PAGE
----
Also from the same community, an elderly man, Mr Nna Edem Akpan, decried government's attitude toward their plight. He blamed the state government for the current suffering in his community, adding that the destruction of their homes and means of livelihoods caused by the super highway project has led to the displacement and relocation of some members of the community. The situation, he said, has made the community to become vulnerable to robbery attacks.
''The super highway has taken all we depended on to care for our families. When they came, they said we were going to be compensated for the loss of our farmlands, crops and buildings, but since then nothing has been done. Our houses have been affected; there's nothing left for us to live on. Many of us have relocated since there are no more houses for them to stay. There's no means of survival here anymore.
''Because of this super highway, our community has become vulnerable to robbery attacks. The little we have left are taken away by robbers since people are not here to watch over the community due to relocation.'', Mr Akpan lamented woefully.
From one community to another, tales of woe continue to trail the super highway project. From all indications, it seemed life has been anything but normal for people of these communities until the caterpillars and excavators hummed and panted their ways through this idyllic and sleepy countryside to deal treacherous developmental blows on their livelihood, with its repercussions quite conspicuous and far reaching.
When NEGROIDHAVEN visited the residence of the village head, Ikot Abasi Effiom, His Highness, Chief Silver Bassey Effiom Duke, he was glad that our visit had something to do with the super highway project, as he then ushered us into the village council hall, which was just a stone throw from his residence.
Addressing NEGROIDHAVEN, chief Duke said the community is not happy with the way government is going about the project. He said apart from the desecration of his community, such as destruction of cemetery, shrine, streams and farmlands, the government took away sources of livelihoods of many members of the community which cannot be quantified in monetary terms.

The village head stated that government has put the people in a state of dilemma, and that they are at a point where they do not know what to do as their lands had been taken for the super highway project which has been abandoned. He expressed dismay over the enormous loss and damages the community suffered, while government on its part has refused to compensate them.

Hear him: ''Concerning the super highway of a thing, we are not happy. For the past three years we 've been suffering. In my community, we have a blind man who had a palm estate. It was cleared. There is also an 86 year old man who had a palm kernel estate. Everything was bulldozed off. So we are not happy. We don't know what the government is doing. Along that side, people had plots of land there which were taken and graded.
''Our problem now is that, is the government still going to do the super highway or not so that people can know what to do. Even now, if they say they are not continuing, nobody can use those lands again because the trees have been cut off. It's a shame for government to play with people's lives. We in Akpabuyo we depend on our farms. So when you come and take that from us... You can see for yourselves. What does the government want us to live on? How do we send our children to school? What do we eat?'', Chief Duke queried.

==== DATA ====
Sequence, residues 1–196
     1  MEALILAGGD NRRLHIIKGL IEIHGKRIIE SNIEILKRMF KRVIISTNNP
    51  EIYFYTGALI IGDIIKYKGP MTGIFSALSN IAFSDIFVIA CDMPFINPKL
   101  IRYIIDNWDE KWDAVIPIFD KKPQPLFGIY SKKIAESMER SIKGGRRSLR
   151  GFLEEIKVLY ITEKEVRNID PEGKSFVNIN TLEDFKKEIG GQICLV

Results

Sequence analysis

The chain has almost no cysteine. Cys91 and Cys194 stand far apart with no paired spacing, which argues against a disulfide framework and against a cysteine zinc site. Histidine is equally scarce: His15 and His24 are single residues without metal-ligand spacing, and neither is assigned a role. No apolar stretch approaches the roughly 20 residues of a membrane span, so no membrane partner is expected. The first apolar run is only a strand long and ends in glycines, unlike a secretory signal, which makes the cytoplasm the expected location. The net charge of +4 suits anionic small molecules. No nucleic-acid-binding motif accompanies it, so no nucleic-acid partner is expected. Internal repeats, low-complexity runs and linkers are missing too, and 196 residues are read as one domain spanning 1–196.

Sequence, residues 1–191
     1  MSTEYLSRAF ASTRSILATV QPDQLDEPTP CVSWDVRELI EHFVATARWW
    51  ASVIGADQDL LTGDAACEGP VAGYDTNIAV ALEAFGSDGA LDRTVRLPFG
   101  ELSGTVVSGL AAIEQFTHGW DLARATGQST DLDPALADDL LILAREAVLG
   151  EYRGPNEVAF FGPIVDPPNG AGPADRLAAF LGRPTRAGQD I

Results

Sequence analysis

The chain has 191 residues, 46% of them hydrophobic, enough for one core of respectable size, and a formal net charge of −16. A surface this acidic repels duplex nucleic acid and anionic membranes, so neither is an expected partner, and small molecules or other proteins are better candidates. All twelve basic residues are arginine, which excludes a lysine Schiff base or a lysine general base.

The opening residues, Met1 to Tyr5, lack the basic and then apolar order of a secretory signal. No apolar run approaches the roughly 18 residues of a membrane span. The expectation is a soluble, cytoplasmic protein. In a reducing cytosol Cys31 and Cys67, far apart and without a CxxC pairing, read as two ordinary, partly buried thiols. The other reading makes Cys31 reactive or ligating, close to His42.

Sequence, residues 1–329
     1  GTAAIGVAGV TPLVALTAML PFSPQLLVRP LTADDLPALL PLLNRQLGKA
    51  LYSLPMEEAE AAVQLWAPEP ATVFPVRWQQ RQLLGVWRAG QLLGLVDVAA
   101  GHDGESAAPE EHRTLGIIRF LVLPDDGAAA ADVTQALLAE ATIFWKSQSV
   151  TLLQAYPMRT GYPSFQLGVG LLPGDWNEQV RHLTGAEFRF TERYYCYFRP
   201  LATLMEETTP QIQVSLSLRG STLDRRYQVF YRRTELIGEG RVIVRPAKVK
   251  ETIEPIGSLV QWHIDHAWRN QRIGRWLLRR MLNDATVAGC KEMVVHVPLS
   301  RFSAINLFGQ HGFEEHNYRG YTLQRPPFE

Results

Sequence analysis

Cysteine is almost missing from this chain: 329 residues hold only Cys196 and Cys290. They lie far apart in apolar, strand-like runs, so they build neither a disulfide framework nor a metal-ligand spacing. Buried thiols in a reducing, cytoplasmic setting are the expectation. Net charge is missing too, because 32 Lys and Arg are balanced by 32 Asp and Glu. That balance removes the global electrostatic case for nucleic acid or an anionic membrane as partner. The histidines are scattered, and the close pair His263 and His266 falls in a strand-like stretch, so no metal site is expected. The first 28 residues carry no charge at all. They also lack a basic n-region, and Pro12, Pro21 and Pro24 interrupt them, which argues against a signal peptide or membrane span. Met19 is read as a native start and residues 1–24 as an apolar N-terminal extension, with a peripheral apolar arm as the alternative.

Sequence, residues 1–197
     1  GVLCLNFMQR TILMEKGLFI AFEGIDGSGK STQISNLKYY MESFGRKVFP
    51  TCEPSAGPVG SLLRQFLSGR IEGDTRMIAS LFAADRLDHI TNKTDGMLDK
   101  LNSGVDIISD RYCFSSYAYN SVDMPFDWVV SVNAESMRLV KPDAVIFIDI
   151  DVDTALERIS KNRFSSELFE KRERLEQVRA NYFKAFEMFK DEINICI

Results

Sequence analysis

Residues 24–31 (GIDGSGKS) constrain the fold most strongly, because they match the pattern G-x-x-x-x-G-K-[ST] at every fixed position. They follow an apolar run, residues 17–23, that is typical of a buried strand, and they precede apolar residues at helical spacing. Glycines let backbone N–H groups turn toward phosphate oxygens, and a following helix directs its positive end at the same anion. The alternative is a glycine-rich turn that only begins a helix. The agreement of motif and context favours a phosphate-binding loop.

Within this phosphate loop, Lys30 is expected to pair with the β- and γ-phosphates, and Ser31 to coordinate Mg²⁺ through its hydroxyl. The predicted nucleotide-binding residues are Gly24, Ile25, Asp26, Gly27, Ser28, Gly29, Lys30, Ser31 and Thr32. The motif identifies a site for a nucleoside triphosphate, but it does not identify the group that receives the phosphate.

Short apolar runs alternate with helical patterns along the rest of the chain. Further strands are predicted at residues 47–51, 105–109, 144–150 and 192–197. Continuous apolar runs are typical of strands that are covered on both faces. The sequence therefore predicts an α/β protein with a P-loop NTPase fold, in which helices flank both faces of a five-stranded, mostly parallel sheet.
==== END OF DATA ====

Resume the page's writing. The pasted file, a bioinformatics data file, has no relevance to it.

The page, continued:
However, for the youth leader, Ikot Abasi Effiom, Mr Otu Bassey Okon, it is high time the federal government and the international community step in to prevail on the Cross River State government to pay compensation for the damages done to people's means of livelihoods. He said issues arising from the super highway project have dealt serious blow on people's confidence in the Prof. Ben Ayade's administration.
Also, a 54 year old wife of a visually impaired man, Mrs Arit Isaiah Edet, from Ikot Abasi Effiom, who spoke with NEGROIDHAVEN, lamented bitterly over the loss of her husband's palm estate to super highway. She said instead of the project becoming a blessing, it has become a curse to her and the family, as it has visited abject poverty upon them. She pleaded that government should compensate them for the losses.
Her words: ''I am Mrs Arit Isaiah Edet. The super highway has affected us so much because large portion of our land has been taken. Our economic crops had been damaged, leaving us with nothing to live on. My husband is visually impaired. There's nothing he can do for himself. His palm plantation which was our only source of income had been bulldozed, leaving us completely helpless. I have seven children. I cannot feed or even pay their school fees.
''The small portion of land left is what I am using now to plant waterleaf, cassava and water yam. But this is barely enough for me and my family. Even the business I used to do has collapsed because there is no more money from my farm produce to augment it.''
In his submission, the village head of Ikot Okpo-Ene, Akpabuyo local government area, His Highness, High Chief Emmanuel E. Okon, who later spoke when NEGROIDHAVEN visited him at his residence, maintained that he is not against the super highway project, saying what he and his community demand is that government should do the right thing. He said government should adhere strictly to the 23 conditions contained in the provisional approval of the super highway project.

Reading from a document which he then made available to NEGROIDHAVEN, Chief Emmanuel Okon said: ''Cross River State government shall ensure that the initial land clearing of the road corridor that was carried out without due inventory of the third party properties/farmlands is revisited to adequately compensate the project affected persons(PAPS) in line with national and international standards of practice on resettlement and restoration plans. This shall be done prior to project commencement.''
Based on the information gathered in the course of this investigative report, it can be evidently concluded that the super highway project initiated by the Prof. Ben Ayade's adminsitration about three years ago has become a problem of its own as people in communities which the highway corridors pass are reeling in pains occasioned by the destruction of their properties and means of livelihoods without any form of compensation from the state government.

Efio-Ita Nyok
Blogger-in-Chief, Editor-in-Chief & Publisher of NegroidHaven